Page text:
7 Point Plan
The Millennium Development Goals call for a
reduction of child mortality by two thirds between 1990 and 2015. As the deadline approaches, the
reality is that although progress is being made, much more remains to be done.
Nearly nine million children under five years of age die each year. Diarrhoea is second only to
pneumonia as the cause of these deaths. Why is diarrhoea, an easily preventable and treatable
disease, one that in the developed world is considered little more than an inconvenience, causing an
estimated 1.5 million under-five deaths every year?
Reducing these deaths depends largely on delivering life-saving treatment of low-osmolarity oral
rehydration salts (ORS) and zinc tablets to all children in need. However, progress will also
require focusing on prevention, whether through the new rotavirus vaccine or by addressing the
factors that lead to children developing the disease in the first place.
Diarrhoea is more prevalent in the developing world due, in large part, to the lack of safe drinking water,
sanitation and hygiene, as well as poorer overall health and nutritional status. According to the latest
available figures, an estimated 2.5 billion people lack improved sanitation facilities, and nearly one
billion people do not have access to safe drinking water. These unsanitary environments allow
diarrhoea-causing pathogens to spread more easily.
Improving unsanitary environments alone, however, will not be enough as long as children
continue to remain susceptible to the disease and are not effectively treated once it begins. Evidence
has shown that children with poor health and nutritional status are more vulnerable to serious
infections like acute diarrhoea and suffer multiple episodes every year. At the same time, acute and prolonged diarrhoea seriously exacerbates poor
health and malnutrition in children, creating a deadly cycle.
In the 1970s and 1980s, the international community committed itself to reducing child mortality from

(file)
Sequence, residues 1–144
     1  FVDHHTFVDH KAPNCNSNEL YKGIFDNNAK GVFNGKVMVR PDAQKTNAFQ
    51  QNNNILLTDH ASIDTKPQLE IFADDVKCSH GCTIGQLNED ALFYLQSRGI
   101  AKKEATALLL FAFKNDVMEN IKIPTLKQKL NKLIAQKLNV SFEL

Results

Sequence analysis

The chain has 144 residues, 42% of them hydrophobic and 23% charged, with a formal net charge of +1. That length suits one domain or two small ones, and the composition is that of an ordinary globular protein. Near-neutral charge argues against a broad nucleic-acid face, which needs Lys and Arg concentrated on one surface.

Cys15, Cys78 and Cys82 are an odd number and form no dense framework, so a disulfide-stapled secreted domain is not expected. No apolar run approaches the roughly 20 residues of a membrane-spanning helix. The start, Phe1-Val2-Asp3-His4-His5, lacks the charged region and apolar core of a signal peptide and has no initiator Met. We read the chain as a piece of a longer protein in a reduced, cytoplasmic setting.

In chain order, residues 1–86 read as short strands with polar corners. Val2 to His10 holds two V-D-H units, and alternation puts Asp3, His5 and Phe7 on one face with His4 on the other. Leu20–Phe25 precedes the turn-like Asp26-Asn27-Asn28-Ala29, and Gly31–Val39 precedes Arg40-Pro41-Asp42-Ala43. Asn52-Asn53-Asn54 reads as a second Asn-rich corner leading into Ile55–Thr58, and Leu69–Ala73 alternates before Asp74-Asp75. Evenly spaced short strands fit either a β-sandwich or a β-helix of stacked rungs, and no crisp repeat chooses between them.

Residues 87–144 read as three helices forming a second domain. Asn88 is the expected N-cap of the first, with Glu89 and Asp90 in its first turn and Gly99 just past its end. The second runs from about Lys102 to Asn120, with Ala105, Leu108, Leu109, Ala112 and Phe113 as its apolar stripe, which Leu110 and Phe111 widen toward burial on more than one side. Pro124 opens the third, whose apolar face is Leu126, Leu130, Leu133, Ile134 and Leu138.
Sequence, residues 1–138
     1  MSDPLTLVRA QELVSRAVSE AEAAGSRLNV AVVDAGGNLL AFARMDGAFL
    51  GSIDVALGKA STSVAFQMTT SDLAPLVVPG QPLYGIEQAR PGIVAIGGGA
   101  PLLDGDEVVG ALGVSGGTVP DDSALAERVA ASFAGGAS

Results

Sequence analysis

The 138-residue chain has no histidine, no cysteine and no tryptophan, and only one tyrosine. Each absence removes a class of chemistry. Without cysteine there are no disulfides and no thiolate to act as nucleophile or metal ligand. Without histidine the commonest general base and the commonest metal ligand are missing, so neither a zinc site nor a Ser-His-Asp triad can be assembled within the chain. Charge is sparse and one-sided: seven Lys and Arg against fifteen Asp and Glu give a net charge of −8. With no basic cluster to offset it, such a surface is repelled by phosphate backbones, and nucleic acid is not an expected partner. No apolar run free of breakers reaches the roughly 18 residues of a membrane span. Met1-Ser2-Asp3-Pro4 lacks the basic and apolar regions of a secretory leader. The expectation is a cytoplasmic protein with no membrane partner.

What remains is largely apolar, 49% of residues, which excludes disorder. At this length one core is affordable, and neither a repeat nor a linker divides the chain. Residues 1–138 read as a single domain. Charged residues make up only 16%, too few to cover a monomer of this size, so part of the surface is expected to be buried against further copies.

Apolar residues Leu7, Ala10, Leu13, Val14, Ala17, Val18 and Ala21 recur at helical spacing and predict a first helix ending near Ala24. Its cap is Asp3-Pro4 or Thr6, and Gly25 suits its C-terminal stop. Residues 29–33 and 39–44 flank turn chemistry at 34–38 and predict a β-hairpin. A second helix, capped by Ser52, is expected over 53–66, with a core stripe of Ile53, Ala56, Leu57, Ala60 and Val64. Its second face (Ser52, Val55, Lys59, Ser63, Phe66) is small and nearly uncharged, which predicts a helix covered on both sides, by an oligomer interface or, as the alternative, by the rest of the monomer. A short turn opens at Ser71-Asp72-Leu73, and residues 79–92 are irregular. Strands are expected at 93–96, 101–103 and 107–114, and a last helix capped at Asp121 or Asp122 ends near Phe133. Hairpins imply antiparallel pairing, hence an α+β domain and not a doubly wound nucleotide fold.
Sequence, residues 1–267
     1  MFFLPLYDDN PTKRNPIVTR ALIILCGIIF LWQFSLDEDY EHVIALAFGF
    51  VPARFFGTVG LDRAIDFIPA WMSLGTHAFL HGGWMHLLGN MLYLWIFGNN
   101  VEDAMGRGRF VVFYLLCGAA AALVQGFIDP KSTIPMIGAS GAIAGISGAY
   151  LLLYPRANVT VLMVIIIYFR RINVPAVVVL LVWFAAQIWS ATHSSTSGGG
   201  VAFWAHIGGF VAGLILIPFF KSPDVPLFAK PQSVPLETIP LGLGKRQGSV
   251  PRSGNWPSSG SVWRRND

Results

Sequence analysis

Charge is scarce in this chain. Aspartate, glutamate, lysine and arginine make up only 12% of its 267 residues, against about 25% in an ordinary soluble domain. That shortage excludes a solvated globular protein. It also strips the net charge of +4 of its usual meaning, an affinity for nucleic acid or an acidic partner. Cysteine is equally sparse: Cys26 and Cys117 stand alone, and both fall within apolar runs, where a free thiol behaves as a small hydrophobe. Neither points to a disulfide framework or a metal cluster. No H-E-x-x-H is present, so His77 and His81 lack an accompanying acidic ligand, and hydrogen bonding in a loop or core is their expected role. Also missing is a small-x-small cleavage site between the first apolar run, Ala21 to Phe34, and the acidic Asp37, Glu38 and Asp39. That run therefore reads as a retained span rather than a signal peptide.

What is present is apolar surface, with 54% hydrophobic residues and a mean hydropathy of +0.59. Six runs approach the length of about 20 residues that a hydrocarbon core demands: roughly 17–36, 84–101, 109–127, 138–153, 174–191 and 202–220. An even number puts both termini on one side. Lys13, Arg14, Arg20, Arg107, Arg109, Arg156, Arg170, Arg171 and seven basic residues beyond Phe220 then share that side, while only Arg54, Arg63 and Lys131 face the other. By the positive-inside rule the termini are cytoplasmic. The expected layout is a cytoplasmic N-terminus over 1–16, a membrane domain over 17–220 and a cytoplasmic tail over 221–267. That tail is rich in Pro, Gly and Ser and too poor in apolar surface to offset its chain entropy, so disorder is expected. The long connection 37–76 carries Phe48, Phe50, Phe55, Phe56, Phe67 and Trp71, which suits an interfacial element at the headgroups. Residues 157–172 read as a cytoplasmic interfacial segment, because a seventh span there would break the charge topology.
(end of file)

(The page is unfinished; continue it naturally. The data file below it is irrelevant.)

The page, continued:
diarrhoea largely by scaling up the use of oral rehydration therapy – a low-cost and highly effective
solution – coupled with programmes to educate caregivers on its appropriate use. The effort met
with great success. Yet today only about 39 per cent of children with diarrhoea in the developing world
receive oral rehydration therapy and continued feeding, a figure that has changed little since 2000.
This report sets out a 7-point strategy for comprehensive diarrhoea control that includes a treatment
package to reduce child deaths, and a prevention package to reduce the number of diarrhoea cases
for years to come. The report looks at treatment options such as low-osmolarity ORS and zinc
tablets, as well as prevention measures such as the promotion of breastfeeding, vitamin A supplementation,
immunization against rotavirus – a leading cause of diarrhoea – and proven methods of
improving water, sanitation and hygiene practices.
Diarrhoea’s status as the second leading killer of children under five is an alarming reminder of the
exceptional vulnerability of children in developing countries. Saving the lives of millions of children at
risk of death from diarrhoea is possible with a comprehensive strategy that ensures all children in need
receive critical prevention and treatment measures.